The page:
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From: Misha Bergal (mbergal_at_[hidden])
Date: 2003-06-19 18:08:38

My comments to this constructive mail are below:

Peter Dimov wrote:
> Aleksey Gurtovoy wrote:
>> Peter Dimov wrote:
> You do provide me with the tools to eliminate a false red
> status, but this is a "guilty unless proven otherwise"
> approach;

Accurate description. This is what is going to happen every *everybody* will
run tests and upload them to boost.

> pretty much everyone can easily run the regression
> tests on various broken configurations
Yes, they can run standard boost regression tests and see what passes and
what fails.
But they will probably use it for the internal purposes and should *not* be
allowed to upload them as an "official" Boost results.

> and it is up to me to
> hunt down every "non-critical" failure _and_ extract the
> relevant toolset name.
What he probably means is that he is afraid of having to "hunt down"
non-critical failures in a lot of setups he has no control, clue or interest

> In the meantime users have already
> rejected the library on the basis of that little red rectangle.
This is why it is important to have "user" results everybody can trust.
That's what we are fighting for.

> Note also that Beman's intel-win32 toolset passed
> shared_ptr_test but your intel-win32 toolset did not, and I
> can't distinguish the two in expected_results.xml.
Very good point to support the point above. Status report providers will
have to work very closely with library authors to provide accurate reports.
By accurate I mean:

1. Consistent - user can reproduce the result
2. Meaningful - library author marked-up the significant and non-significant
test cases.

> In short, I think that this approach will result in more
> relaxed, "common denominator" tests, where any failure indeed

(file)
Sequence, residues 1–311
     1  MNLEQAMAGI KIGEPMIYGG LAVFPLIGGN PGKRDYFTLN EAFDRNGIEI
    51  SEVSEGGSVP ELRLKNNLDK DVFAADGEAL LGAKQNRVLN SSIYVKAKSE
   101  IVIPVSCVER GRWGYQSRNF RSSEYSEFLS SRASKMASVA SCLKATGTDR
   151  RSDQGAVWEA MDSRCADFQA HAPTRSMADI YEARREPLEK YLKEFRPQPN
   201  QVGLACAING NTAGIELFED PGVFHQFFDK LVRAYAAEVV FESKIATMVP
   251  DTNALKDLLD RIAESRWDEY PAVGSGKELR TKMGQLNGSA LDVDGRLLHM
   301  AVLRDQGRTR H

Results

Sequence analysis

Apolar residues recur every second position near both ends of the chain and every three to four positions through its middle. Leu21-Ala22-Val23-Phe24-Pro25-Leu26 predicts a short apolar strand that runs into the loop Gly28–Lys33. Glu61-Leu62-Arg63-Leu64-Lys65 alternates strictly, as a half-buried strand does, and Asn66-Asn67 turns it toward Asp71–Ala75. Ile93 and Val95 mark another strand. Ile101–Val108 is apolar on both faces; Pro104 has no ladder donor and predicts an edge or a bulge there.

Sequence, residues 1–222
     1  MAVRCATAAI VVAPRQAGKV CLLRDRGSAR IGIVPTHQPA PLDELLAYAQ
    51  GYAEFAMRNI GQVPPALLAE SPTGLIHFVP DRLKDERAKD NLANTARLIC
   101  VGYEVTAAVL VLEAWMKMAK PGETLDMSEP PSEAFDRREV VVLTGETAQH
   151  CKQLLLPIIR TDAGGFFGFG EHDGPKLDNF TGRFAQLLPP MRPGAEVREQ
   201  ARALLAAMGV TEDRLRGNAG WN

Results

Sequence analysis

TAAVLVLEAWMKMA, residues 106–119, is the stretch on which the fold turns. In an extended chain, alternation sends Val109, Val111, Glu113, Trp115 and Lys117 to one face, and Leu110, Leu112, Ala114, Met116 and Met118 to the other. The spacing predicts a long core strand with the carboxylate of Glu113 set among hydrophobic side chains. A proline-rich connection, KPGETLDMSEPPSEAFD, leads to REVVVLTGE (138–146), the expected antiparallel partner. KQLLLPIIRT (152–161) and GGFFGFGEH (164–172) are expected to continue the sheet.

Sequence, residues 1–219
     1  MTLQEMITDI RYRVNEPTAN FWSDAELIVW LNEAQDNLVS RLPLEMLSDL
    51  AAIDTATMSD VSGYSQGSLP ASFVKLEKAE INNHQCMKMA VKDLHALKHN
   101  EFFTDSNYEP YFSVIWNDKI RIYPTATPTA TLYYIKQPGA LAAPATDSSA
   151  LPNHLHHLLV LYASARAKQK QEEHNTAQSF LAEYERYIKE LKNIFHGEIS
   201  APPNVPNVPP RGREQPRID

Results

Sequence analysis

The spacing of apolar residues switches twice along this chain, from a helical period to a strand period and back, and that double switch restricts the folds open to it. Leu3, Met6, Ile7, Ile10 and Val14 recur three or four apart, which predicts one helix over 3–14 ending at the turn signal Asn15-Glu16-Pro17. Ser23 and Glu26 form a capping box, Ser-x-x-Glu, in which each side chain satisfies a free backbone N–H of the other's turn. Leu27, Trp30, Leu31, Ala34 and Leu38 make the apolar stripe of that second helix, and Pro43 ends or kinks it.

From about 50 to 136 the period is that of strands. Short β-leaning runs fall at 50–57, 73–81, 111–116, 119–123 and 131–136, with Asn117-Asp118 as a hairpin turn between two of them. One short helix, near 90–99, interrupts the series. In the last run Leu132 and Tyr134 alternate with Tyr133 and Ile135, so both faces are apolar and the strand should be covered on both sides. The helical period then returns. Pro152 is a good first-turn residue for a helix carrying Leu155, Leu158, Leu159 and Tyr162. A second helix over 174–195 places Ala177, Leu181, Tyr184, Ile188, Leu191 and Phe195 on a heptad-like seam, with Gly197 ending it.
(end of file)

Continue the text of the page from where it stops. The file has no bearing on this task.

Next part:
> "basically means that you won't be able to use the library".
> A failure in shared_ptr_test (but not in
> smart_ptr_test) _usually_ means that there are some obscure
> corner cases where this compiler/configuration is buggy.
I don't see how it is going to come to that.

> A
> failure in bind_test usually means that you may or may not be
> able to use bind depending on the complexity of the bind
> expression and the phase of the moon _but_ if it compiles it
> typically runs fine. ;-)

> I'm not sure how this can be avoided, but - a hypothetical
> example - if a library passes 29 out of its 30 tests.
> "BROKEN" simply doesn't seem appropriate.
Broken means the unexpected failure. We provide the configuration authors
are confortable with.
They specify the results for this configurations. The status tables are
produced on 2 different sites, so if one site screwes up their environment
or doesn't follow product installation instructions right - it can be found
on rather quickly.

> I'd also like to
> see some kind of per-test tagging ("brokenness
> weight") and not per-toolset tagging as the toolset name is
> unreliable.
2 good points:

1. We track tests per fail, not per test-case
2. Toolset names are unreliable - it is not a problem if we can standardize
on toolsets used for producing the boost status tables on different
platforms. Basically the status table providers on the platform (minimum 2)
standardize on the configurations and toolset naming.
If somebody else is using different toolsets - she will have to run the
tests by herself.

Misha Bergal
MetaCommunications Engineering

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